- Joined Oct 29, 2009
Wow don't let your kids search on vacuum pump on eBay.
Everyone seems to be diss'ing the RS one, mine must be a different version as I am certainly not seeing the same results!it doesn't seem to have the same heat capacity as the one I linked above. So it doesn't work well for me for anything that has a lot of copper in it, or for desoldering multiple pins in a row. It just doesn't stay hot. It could be a problem with my specific unit as I haven't tried a different one.
That is the one I use, Max. The problem is that those tips wear away far too rapidly. And I no longer have machine shop access to make more of them.
Don't know, but I have seen a number of conversions of small aquarium pumps to vacuums https://www.instructables.com/id/Vacuum-Pump-from-Aquarium-Air-Pump/, but they don't specify the pump power and they stress picking up SMT parts more than solder.
This one, https://hackaday.io/project/45998-p1-aquarium-to-vacuum-pump-conversion however, does, but it specified in millibars which I am too tired to figure out from whatever I know about barometric pressure. Also, he is not enthusiastic about the results (again, more appropriate for picking up SMT components than solder), but was optimistic that a more powerful one would work better.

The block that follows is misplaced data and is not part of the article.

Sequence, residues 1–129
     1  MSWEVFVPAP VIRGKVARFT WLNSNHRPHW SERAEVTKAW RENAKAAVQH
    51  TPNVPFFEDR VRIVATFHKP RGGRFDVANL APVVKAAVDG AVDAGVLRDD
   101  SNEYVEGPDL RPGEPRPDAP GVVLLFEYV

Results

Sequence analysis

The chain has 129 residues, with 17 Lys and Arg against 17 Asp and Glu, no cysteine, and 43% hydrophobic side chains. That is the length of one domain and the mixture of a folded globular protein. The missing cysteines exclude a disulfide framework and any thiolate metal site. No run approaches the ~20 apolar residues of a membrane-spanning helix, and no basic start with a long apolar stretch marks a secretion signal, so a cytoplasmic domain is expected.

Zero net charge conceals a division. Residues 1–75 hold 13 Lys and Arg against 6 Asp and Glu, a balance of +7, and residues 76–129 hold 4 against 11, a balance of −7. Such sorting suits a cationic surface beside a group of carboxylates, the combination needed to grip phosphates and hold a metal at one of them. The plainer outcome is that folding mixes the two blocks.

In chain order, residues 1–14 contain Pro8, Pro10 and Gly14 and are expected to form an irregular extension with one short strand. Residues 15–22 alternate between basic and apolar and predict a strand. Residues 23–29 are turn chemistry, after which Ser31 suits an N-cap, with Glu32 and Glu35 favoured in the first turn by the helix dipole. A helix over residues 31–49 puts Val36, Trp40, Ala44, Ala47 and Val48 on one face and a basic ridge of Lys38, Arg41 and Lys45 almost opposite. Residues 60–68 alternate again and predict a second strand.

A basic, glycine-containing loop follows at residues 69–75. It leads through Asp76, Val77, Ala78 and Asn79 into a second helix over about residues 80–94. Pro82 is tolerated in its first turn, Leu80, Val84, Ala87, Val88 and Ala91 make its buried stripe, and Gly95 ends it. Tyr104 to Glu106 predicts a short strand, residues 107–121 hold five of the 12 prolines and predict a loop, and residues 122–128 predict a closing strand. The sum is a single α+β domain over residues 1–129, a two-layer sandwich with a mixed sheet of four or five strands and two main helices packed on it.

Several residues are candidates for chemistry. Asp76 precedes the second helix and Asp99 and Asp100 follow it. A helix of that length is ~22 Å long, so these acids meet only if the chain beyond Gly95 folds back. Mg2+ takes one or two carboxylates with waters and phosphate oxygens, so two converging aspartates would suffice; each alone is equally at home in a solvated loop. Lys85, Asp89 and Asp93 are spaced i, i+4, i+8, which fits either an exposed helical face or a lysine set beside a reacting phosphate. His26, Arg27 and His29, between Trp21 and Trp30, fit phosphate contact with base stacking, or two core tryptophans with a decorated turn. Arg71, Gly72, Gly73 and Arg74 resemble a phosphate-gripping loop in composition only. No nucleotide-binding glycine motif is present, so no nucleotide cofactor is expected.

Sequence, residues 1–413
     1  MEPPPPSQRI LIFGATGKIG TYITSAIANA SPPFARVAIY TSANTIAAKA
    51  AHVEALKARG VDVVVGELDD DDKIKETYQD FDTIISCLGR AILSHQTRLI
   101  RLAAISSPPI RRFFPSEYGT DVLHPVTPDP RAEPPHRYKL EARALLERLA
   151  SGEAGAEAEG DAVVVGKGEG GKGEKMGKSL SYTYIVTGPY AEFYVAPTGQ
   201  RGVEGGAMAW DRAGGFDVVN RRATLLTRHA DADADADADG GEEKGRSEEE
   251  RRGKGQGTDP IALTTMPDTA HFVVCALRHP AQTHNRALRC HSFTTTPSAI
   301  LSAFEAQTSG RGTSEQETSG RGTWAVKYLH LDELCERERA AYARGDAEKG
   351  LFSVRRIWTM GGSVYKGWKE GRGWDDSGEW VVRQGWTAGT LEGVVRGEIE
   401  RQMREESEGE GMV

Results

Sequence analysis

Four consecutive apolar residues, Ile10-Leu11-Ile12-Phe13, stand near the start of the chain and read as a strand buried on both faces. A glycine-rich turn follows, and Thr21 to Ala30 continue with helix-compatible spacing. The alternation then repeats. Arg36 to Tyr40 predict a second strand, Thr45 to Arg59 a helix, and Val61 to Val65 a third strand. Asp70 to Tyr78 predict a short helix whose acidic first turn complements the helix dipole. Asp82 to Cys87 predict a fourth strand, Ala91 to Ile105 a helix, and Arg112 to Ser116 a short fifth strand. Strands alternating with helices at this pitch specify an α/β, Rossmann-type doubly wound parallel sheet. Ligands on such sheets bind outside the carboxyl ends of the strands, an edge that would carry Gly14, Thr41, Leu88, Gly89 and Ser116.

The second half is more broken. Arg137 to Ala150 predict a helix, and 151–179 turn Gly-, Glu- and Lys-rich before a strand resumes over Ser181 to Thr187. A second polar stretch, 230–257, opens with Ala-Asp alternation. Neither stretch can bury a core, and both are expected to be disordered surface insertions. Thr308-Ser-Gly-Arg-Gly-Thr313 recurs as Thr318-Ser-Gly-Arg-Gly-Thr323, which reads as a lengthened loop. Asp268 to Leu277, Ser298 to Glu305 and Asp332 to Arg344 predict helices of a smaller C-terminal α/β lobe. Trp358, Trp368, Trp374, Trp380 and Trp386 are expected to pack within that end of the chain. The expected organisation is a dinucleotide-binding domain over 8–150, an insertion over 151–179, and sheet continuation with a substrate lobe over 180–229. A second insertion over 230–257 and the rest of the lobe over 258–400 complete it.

The big pumps, like pictured give cubic feet per min CFM.
A compressor from a refrigerator or small window A/C is free.
Maybe a half gallon in size.
It will pull a vacuum of 30" mercury or better.
I planned on using the small air blower nozzle as a valve so it has time to accumulate vacuum and only used a little bit at a time or the air flow would cool the desoldering tip.
In my area they are often available, and don't forget dehumidifiers as a source of compressors, also ice maker machines. Of course there are a lot of places where any sort of free-lance recycling is forbidden by all sorts of laws. Avoid those biggoted areas, they are toxicAssuming one has an old refrigerator or AC laying around.
That pump could produce enough vacuum but it will need a tank to provide enough flow to remove solder. The whole secret of solder sucking is a fast rise in flow rate and the high flow rate itself. That is because the solder has to move while in the fluid state.
I wonder, and am just thinking out loud...you really only need to move the solder a few mm in the liquid state. Would it be possible, in principle, to combine the vacuum pump idea with the solder braid idea? We have probably all used that braid before. Something like sucking the liquid solder into the braid? Again, just thinking out loud.
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by Jake Hertz